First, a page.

63. MidAmerican objects to detailed reporting of each affiliate transaction as unnecessarily burdensome and states that the information is already being provided in other publicly available documents. MidAmerican requests that the Commission limit any affiliate transaction reporting requirement and (1) establish an aggregate annual transaction reporting threshold of the greater of (a) $250,000 per affiliate or (b) one one-hundredth of one percent (.01%) of the electric utility's operating revenues  and (2) exempt transactions based on regulator-approved tariffs. The Nevada Companies request that $100,000 be set as a reasonable minimum amount to report the transfer of a good, or an aggregate amount of service.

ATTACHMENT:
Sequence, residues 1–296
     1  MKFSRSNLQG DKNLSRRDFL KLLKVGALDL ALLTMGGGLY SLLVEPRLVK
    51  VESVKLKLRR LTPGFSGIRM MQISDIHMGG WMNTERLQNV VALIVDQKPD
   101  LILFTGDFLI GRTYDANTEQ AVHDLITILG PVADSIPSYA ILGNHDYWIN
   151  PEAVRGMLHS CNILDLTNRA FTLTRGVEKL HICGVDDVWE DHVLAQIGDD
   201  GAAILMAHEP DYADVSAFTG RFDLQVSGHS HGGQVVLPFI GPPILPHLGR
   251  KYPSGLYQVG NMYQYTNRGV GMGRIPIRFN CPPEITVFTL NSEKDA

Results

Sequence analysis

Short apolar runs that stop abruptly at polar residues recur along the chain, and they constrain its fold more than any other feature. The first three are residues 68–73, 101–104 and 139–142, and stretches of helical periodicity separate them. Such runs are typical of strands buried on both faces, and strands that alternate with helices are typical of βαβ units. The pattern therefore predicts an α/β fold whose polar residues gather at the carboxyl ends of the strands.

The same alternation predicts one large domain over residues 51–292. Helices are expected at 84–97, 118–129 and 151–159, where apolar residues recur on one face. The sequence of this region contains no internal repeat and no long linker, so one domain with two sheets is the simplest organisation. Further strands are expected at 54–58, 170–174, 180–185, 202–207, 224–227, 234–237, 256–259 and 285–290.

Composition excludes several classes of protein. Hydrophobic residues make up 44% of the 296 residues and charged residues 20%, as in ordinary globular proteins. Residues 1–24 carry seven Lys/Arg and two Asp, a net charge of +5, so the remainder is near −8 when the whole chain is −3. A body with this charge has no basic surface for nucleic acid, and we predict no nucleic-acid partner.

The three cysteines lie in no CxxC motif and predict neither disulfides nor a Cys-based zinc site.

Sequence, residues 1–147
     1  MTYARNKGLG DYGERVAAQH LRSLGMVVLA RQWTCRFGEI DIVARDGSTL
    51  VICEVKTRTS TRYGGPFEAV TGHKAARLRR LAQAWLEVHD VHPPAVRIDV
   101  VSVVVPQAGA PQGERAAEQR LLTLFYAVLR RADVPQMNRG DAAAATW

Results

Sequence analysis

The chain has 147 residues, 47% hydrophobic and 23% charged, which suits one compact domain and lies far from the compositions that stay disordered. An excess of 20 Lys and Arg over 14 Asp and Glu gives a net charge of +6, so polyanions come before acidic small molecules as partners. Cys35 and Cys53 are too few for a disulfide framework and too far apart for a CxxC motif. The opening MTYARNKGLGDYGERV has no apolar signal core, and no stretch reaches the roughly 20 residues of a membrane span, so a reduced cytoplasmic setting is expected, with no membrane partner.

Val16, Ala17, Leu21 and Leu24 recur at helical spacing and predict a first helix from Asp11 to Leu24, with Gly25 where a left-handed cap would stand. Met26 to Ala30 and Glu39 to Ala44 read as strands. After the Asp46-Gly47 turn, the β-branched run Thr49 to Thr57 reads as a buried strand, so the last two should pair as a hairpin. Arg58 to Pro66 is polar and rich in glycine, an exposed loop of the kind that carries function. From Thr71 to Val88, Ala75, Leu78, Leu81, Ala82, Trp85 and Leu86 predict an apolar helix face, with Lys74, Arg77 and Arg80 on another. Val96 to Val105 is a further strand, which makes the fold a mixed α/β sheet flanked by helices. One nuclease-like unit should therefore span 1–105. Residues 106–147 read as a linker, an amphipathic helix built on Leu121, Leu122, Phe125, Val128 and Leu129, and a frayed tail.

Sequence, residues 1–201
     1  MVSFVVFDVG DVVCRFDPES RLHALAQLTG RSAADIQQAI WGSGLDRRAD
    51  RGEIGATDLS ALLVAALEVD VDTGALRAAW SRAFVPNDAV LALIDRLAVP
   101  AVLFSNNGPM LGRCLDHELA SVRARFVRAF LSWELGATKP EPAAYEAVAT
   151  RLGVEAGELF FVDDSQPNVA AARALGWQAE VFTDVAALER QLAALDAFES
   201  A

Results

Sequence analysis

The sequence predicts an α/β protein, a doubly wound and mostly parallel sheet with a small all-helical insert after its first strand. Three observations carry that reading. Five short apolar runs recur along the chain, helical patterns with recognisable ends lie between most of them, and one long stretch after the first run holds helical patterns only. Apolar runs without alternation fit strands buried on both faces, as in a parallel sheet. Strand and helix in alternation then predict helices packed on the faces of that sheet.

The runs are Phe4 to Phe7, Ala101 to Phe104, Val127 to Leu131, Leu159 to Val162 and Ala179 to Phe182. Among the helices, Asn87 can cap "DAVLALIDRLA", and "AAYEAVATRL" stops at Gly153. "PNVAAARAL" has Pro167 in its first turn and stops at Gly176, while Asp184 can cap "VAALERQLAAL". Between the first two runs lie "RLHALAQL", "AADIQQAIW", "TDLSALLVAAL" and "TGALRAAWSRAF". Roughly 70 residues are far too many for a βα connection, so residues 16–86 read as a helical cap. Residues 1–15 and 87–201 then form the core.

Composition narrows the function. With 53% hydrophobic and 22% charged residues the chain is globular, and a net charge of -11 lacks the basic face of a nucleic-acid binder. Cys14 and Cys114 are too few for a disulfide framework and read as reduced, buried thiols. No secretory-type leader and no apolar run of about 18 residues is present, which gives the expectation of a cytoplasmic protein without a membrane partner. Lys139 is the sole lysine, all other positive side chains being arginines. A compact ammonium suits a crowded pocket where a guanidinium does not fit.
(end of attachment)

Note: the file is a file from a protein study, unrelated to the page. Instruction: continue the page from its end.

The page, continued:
64. EEI states that the affiliate transaction reporting proposal is inconsistent with the Commission's decisions in Orders No. 707 and 708 not to require additional reporting. International Transmission and Nevada Companies object to an affiliate reporting requirement that would apply to transactions between regulated public utilities. International Transmission cites the Commission's proposal that page 429 is to “provide further transparency and improve the detection of cross-subsidization.”  International Transmission states that a broad, one-size-fits-all requirement that includes reporting of transactions between affiliated regulated public utilities would not produce useful information for detecting improper cross-subsidization for the benefit of non-utility affiliates. International Transmission argues that the regulated affiliates' Form 1 filings already provide ample transparency and that the affiliate transaction reporting requirement is therefore not necessary for affiliate transactions between regulated public utilities.